Occupational Therapy Assistant Jobs: What You Need to Know
March 17, 2014
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Your future career as an occupational therapy assistant will involve helping the injured and disabled develop the skills they need to perform daily activities and job-related responsibilities. You will work directly with patients, providing therapy under the supervision of an occupational therapist. This role will be highly rewarding because it will aid those in your care to recover lost independence.
What Kind of Patients Need Your Help?
Patients who can benefit from your intervention include accident victims and people who suffer from medical conditions that curtail functionality. In fact, almost anyone with a physical, mental, emotional or developmental impairment can profit from your rehabilitative services.
What Will Your Duties Be?
The specific nature of the work will vary with the type of patient with whom you are working. Some of your duties could include:
- Teaching safe transferring methods, such as moving from a bed to a wheelchair or from a wheelchair to a bathtub bench.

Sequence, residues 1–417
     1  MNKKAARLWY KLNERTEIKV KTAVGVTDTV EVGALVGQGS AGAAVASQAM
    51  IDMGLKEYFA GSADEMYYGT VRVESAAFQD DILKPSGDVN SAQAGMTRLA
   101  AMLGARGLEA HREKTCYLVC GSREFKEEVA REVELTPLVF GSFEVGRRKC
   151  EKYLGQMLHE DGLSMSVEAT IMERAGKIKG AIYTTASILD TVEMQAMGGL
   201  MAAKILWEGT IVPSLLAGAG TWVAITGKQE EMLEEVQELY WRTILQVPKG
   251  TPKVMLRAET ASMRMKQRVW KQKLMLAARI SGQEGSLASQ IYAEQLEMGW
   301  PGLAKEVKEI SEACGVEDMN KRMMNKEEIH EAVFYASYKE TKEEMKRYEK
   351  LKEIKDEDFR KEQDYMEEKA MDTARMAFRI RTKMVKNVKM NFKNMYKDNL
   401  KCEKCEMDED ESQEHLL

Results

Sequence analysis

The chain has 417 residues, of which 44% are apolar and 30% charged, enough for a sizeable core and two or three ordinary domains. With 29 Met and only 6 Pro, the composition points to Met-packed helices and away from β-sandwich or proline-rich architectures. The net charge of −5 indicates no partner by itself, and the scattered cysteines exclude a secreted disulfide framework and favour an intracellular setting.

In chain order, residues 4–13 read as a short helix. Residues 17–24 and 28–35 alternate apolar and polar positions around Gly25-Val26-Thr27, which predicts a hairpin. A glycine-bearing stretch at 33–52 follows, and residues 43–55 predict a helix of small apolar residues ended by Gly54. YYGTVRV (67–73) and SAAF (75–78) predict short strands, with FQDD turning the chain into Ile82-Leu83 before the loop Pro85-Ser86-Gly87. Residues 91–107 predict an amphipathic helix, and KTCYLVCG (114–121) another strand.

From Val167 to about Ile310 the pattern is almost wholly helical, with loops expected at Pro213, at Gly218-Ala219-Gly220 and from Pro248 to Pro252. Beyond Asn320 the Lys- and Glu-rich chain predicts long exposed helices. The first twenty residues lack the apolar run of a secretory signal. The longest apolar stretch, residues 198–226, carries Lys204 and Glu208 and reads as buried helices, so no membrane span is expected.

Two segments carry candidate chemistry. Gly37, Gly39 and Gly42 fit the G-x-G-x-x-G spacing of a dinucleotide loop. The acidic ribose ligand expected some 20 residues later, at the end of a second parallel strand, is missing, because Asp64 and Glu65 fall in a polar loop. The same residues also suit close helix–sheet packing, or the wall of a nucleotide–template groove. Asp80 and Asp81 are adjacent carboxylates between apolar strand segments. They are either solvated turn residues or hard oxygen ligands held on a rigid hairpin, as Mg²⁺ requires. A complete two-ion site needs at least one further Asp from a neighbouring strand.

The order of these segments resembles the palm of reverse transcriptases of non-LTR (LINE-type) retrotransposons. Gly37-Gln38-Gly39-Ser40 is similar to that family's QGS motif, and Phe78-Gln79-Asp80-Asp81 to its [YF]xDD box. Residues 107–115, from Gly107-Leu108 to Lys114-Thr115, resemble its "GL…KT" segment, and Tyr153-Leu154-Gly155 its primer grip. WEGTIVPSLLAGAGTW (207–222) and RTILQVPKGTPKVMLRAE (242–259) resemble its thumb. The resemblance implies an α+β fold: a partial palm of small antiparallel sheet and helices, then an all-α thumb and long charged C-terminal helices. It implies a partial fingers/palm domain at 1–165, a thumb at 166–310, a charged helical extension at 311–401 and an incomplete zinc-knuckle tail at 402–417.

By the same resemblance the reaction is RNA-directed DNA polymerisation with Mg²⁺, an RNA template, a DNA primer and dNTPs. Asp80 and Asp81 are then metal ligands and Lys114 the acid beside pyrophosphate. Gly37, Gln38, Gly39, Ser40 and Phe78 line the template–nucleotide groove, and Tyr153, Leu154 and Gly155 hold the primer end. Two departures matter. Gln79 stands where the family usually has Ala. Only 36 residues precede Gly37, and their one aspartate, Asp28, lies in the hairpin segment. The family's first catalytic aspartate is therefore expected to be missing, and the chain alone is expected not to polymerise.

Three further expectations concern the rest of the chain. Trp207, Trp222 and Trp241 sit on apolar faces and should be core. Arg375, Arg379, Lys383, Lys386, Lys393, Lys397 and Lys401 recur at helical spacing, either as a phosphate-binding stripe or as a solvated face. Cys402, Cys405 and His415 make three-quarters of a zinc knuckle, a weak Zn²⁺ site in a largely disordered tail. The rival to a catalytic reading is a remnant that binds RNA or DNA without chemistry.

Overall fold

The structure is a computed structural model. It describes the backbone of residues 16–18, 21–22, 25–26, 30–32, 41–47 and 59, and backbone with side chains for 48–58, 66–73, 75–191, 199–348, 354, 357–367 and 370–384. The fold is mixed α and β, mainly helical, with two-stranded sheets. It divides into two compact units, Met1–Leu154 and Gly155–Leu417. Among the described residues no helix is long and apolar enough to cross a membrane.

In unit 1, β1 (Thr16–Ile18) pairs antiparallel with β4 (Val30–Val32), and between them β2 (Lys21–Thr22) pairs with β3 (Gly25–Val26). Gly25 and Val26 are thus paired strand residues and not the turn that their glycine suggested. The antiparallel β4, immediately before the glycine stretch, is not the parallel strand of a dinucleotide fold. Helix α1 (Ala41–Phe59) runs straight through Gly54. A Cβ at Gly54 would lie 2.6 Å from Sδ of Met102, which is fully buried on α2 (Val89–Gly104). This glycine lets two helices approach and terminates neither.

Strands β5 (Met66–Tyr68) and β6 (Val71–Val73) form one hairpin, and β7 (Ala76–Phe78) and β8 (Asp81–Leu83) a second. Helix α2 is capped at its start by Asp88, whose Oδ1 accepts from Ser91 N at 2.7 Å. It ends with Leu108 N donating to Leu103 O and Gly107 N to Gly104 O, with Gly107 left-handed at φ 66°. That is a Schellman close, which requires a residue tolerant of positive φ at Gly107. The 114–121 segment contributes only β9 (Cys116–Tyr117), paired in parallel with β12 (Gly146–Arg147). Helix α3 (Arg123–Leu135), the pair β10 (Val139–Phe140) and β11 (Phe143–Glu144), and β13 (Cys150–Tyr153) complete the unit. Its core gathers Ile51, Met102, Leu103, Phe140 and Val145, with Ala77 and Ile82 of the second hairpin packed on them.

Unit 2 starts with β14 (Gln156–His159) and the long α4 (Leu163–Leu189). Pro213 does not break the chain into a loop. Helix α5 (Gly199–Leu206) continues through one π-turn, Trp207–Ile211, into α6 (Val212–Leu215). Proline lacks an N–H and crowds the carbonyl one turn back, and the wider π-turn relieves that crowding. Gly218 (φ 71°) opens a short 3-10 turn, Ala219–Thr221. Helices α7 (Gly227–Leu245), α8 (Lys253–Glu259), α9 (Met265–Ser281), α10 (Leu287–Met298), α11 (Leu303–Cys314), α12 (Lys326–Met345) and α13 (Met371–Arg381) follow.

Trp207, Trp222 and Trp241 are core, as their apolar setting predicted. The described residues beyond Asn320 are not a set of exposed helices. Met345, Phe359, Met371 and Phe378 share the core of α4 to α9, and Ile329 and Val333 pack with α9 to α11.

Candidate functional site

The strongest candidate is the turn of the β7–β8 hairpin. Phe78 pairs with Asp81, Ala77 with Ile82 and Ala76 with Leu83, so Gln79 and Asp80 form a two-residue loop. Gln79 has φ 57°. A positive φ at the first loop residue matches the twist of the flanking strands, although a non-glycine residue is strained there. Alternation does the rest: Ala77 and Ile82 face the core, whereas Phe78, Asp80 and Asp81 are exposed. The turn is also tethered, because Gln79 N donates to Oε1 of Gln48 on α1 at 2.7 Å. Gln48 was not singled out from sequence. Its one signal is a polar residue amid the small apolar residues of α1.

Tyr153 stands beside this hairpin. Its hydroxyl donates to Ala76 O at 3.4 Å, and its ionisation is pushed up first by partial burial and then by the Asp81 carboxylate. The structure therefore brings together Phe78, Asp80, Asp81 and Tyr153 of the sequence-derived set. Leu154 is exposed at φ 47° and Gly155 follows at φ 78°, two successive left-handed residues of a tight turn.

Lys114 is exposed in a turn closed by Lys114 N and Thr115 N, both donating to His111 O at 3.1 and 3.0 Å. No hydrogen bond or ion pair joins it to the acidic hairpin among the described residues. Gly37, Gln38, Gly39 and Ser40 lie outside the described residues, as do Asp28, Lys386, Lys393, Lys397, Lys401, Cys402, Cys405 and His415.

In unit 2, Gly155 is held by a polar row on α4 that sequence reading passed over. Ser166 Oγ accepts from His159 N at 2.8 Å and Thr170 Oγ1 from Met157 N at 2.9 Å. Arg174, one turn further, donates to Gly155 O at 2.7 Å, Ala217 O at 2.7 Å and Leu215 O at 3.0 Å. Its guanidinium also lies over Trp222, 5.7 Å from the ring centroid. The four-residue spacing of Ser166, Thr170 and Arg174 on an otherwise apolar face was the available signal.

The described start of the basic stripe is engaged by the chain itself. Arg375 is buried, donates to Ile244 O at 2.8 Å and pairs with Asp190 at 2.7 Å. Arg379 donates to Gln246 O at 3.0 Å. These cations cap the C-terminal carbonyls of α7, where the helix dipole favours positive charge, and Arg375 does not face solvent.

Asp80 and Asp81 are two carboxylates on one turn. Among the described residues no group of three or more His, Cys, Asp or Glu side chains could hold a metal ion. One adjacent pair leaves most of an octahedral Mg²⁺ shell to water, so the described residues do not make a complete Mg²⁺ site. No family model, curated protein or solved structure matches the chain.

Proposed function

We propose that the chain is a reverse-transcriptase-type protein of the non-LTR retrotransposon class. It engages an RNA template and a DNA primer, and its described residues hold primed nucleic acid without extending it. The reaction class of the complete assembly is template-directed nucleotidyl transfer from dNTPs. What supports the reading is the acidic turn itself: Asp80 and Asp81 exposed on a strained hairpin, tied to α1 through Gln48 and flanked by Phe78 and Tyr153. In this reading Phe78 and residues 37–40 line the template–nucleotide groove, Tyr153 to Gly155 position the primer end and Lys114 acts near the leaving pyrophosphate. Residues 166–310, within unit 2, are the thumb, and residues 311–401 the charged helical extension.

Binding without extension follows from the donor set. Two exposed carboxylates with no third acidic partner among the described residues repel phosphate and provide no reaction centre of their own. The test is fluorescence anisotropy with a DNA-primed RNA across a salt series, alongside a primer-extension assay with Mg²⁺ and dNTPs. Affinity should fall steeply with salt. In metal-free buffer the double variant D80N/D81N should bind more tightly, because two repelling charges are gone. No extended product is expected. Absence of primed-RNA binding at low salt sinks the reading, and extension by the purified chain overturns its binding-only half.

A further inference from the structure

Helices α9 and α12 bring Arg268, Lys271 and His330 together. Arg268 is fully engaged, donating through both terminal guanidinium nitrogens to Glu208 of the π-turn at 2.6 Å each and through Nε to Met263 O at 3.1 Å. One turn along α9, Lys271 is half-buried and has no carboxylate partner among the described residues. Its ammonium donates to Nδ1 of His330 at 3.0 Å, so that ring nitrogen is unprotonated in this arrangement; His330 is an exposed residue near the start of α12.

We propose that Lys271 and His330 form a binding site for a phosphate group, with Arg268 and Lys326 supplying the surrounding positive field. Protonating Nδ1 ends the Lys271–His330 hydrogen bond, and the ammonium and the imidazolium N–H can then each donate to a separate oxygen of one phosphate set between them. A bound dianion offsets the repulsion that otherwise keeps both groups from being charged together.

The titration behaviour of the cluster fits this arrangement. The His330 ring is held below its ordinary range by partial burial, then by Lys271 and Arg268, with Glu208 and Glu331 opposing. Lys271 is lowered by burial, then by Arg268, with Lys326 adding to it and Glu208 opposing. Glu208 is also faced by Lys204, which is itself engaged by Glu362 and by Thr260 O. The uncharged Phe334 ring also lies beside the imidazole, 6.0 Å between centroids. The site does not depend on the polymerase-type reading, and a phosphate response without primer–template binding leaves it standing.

- Helping patients exercise, stretch and do other therapeutic activities.
- Guiding developmentally disabled children in play activities that enhance strength, coordination and socialization.
- Teaching those with limited function how to use adaptive devices and special equipment that make an activity easier.
- Monitoring and reporting the progress of patients.
Where Will You Work?
The field of occupational therapy has many specialty areas, so the options in work settings are varied. Your potential work environments include hospitals, private practice offices and schools, in addition to nursing home facilities and home health organizations.
What Will Be Involved in Your Career Preparation?
Your occupational therapist assistant program will include classroom studies and with hands-on experience. Introductory courses in subjects such as anatomy, physiology and medical terminology will usually be a part of the first year's studies, and classes such as physical disability, mental health and pediatrics will be a part of the second year's curriculum. Sixteen weeks of supervised fieldwork in the community will give you the opportunity to put what you have learned in school into practice.
The goal of all your work in this career will be to improve the quality of life of your patients. Sometimes the results of therapy may be small, but other times they may be striking and dramatic. Even small improvements are welcome to someone who is struggling to cope with the disabling effects of an illness. Whether your work enables an injured patient to return to a job or makes life a little easier for a disabled homemaker, it will be richly fulfilling.
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